It’s hard to believe that just two months ago, I was visiting my beloved hometown, NYC. My partner took me to see a show, “Come From Away” about a little town in Canada that rallied to help all the stranded passengers that had to seek shelter there while their planes were grounded during the 9/11 crisis. The story was incredibly uplifting, and without minimizing the pain we all felt back then, highlighted the collective power we have as humans to rally in order to surpass the most trying times. Who knew I would need that message now more than ever to help get through each new day as this COVID-19 pandemic continues to ravage our world?

New York City, which in the past couple of weeks has seen over 1,000 deaths from COVID-19, is now the epicenter of the coronavirus outbreak in the U.S., and the last place on Earth I would want to be right now. Never in a million years would I think I could ever utter those words, and my heart goes out to everyone there, not just my friends. The images on the news of empty streets juxtaposed with overrun hospitals are heart-breaking, and sadly we all know the worse is yet to come as we begin week 3 of the shelter in place mandate, with at least 4 more weeks to go.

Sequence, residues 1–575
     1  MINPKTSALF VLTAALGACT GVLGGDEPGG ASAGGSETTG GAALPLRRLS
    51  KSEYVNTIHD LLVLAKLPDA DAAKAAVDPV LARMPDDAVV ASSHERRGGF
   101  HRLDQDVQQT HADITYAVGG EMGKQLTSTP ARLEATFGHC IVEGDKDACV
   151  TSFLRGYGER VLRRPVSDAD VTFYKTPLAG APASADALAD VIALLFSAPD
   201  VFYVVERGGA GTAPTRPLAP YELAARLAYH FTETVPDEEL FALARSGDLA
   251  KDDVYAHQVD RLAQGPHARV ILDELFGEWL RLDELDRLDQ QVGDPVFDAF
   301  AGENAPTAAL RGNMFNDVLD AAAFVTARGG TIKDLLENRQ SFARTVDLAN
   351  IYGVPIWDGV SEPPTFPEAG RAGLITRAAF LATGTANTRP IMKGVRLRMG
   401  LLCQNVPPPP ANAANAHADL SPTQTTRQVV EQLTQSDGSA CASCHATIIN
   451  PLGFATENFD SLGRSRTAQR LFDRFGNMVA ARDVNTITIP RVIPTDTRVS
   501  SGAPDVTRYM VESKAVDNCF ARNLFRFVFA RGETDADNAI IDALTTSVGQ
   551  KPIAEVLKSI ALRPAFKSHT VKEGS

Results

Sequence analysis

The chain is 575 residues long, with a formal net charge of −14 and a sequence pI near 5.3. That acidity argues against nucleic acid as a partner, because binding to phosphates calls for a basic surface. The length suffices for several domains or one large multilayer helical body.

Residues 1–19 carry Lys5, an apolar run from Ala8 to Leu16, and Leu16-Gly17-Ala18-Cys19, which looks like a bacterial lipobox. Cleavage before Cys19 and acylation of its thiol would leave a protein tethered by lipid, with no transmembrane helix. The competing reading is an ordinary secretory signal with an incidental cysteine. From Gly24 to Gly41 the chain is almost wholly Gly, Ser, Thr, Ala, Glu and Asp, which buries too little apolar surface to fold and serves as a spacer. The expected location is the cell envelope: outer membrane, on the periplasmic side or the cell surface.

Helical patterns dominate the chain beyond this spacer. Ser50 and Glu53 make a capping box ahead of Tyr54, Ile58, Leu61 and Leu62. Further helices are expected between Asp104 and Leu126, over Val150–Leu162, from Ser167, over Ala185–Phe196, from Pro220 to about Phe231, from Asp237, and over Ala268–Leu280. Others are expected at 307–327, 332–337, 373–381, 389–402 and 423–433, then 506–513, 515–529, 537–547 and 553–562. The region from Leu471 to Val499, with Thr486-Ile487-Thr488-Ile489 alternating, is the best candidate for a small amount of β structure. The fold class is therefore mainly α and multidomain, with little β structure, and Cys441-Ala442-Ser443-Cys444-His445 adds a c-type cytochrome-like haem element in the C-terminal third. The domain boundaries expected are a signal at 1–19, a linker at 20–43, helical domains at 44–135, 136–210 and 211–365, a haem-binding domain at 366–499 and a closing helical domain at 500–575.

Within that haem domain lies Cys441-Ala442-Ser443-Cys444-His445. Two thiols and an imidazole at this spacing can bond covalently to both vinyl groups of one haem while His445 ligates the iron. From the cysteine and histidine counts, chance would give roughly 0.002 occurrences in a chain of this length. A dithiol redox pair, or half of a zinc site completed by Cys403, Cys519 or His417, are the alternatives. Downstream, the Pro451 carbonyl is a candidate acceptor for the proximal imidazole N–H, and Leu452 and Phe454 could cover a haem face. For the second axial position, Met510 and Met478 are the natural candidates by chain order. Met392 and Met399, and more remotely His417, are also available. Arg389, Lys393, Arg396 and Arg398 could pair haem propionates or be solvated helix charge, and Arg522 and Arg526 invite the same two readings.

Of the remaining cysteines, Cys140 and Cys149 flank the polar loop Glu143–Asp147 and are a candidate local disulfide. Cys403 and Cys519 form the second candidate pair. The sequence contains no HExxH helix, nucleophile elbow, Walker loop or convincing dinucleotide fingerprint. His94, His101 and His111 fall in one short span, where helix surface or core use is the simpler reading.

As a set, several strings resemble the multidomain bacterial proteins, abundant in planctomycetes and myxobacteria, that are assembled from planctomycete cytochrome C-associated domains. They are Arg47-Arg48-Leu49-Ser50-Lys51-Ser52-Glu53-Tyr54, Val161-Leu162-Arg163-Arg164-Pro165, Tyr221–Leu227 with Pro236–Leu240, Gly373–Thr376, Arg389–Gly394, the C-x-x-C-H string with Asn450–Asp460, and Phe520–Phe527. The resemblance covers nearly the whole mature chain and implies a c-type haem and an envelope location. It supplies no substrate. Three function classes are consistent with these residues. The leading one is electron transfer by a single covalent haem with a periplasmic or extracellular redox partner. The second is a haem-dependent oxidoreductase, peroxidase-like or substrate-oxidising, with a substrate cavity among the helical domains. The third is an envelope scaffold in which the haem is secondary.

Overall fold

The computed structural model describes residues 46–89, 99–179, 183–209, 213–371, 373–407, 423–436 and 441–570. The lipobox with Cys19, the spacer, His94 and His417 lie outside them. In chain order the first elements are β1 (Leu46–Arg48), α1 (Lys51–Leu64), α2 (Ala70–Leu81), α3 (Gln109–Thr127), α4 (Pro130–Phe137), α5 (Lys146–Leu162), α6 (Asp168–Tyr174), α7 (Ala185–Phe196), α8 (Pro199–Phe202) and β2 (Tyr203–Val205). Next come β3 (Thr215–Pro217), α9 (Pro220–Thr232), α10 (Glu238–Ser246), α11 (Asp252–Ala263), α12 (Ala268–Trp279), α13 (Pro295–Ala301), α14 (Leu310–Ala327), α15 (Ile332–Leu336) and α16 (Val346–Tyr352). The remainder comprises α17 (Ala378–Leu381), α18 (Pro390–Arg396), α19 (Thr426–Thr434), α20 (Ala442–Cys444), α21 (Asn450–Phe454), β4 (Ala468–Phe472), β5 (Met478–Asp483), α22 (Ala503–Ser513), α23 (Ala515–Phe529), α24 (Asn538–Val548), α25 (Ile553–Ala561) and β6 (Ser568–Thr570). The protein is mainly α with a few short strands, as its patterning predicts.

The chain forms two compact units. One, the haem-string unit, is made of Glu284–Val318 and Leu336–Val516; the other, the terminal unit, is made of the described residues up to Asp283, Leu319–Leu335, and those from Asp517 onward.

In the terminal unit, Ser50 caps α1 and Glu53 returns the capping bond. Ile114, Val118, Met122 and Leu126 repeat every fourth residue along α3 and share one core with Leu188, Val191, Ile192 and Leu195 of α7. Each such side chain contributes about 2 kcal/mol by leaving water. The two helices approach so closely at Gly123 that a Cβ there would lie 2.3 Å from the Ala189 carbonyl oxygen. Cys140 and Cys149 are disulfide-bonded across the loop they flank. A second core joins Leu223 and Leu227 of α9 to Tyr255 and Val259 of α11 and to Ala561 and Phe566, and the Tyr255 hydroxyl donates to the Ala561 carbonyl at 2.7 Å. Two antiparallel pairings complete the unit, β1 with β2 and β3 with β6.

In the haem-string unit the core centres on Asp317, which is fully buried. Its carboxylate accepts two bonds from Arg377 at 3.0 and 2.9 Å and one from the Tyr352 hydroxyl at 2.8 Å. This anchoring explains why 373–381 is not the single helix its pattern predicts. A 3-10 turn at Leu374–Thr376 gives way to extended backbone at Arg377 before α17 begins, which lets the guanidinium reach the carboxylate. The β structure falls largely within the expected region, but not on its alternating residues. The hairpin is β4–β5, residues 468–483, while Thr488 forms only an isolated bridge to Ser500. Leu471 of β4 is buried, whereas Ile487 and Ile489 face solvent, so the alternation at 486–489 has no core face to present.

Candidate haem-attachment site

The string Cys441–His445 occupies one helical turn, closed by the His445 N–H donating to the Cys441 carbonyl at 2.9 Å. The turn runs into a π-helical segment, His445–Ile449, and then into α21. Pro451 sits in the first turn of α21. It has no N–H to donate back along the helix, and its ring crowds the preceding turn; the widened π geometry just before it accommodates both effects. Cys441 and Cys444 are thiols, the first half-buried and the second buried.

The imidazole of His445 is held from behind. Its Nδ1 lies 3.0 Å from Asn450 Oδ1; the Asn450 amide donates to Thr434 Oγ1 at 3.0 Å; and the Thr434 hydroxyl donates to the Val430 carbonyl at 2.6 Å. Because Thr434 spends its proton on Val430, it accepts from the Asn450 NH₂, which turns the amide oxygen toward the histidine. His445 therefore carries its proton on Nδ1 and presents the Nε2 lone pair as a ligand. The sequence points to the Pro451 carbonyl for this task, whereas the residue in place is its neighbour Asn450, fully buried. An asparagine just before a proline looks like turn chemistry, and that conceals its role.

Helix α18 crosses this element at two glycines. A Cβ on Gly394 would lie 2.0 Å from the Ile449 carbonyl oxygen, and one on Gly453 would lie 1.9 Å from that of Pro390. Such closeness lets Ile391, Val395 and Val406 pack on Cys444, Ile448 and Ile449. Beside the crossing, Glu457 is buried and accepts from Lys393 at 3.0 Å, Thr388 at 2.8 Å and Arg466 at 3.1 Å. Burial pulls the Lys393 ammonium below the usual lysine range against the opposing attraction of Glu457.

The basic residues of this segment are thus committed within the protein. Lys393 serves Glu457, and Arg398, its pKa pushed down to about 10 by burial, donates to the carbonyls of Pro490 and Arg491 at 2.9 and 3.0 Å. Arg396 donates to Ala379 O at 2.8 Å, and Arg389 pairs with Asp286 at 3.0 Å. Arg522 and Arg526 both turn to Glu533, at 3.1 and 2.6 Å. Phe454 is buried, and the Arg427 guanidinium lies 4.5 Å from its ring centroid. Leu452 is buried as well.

Here in the DC Area, which has been my home the past 25 years, our numbers are somewhat more promising, but we know that we need to remain vigilant if we want to minimize the spread of this virus. So for many weeks (maybe months) to come it appears our mobility and ability to socialize in person will remain quite limited.

Never as an American citizen did I believe I would endure real limitations on freedom, something I think we all just took for granted here. Rations, curfews, and crazy lines at stores (beyond Black Friday sales) are a shock to all of us that grew up in the U.S. And, what makes this shelter in place mandate so particularly difficult is there is no clear end date to this madness.

So, as this new norm sinks in what do I miss most? Living for decades with seemingly unlimited choices and freedom of movement. Perhaps we took it all too far, and this crisis is meant as a reminder that we should never take our basic necessities and liberties here for granted.

17 years from now, maybe there will be another Broadway musical about surviving this whole coronavirus experience, and perhaps I will be fortunate enough to return home to NY to see it. One thing is for sure, I will never take the ability to do that for granted ever again.

By Regina A. DeMeo